Actor Khalid Salleh has died at the age of 70 at the Ampang Puteri Medical Centre today (July 23), according to mStar.
Khalid was reported to be ill early this year, but the actor later said he was healthy and was only suffering the ailments of an elderly person.
Khalid was active in both films and Malay theatre. His works with director U-Wei Saari in the 1990s especially – on stage production Bakai, as well as in the films Kaki Bakar and Jogho – were prominent.
He received the Best Actor award at the Asia-Pacific Film Festival in Taiwan, in 1998, for Jogho – making him the first Malaysian actor to accomplish this feat after Tan Sri P. Ramlee’s win in the same category in 1957, for Anakku Sazali.
Khalid was awarded Best Actor at Malaysia Film Festival as well in 1999 for Jogho. His most recent film was in U-Wei’s 2012 project, Hanyut, which was released in Malaysia in December, 2016.
Theatre was a big part of his life from an early age, with Khalid staging plays and being an active thespian during his school days in Batu Pahat. His arts career saw him starting off with the pioneering Anak Alam art collective in KL, which promoted multi-disciplinary arts and theatre culture in the 1970s.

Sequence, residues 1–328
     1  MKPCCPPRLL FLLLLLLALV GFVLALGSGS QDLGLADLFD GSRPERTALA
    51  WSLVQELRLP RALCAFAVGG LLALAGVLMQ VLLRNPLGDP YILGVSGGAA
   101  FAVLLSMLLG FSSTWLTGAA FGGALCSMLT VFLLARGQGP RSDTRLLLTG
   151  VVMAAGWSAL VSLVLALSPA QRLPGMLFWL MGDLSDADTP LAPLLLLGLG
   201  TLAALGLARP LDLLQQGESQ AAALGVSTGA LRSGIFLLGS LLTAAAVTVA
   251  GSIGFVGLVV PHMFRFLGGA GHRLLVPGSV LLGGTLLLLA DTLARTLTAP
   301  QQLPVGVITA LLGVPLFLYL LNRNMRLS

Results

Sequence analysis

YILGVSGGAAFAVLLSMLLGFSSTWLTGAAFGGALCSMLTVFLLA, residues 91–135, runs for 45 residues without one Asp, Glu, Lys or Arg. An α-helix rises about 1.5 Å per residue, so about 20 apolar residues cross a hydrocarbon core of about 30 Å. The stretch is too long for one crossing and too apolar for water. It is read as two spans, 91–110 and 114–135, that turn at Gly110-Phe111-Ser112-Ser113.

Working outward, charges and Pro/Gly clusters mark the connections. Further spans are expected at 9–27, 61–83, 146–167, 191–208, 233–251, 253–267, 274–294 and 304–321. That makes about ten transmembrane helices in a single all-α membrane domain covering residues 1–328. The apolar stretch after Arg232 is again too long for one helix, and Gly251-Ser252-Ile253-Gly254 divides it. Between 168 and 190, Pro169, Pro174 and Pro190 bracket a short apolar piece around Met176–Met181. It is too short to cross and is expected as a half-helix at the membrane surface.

“Issues on human, world, religion and politics that are close to the people can be put into a performance. Besides its roles to entertain, theatre can actually ‘humanise’ people,” he was quoted as saying in The Star in 2016.
Khalid’s first acting stint was in the 1976 play Kelip Kelap, written by Mustaffa Ibrahim, and staged at Universiti Kebangsaan Malaysia.
His reputation as a poet, writer, newspaper columnist and scriptwriter grew further throughout the 1980s.
As a solo performer, the Jual Ubat monologue, which made its debut in 1970, is also regarded as one of Khalid’s important works.
It was also previously staged a number of times at the Malaysian Academy of Arts Culture and Heritage (Aswara) theatre, Istana Budaya and around Indonesia. In 2016, Khalid staged a touring version of Jual Ubat at eight main railway stations in the country.
His books, which often discuss identity, traditions, customs and intellectual life of the Malay people, include Melayu Hilang Di Dunia and the poetry collection Bukan Apa-Apa, while his theatre scripts were collected in Kena Main.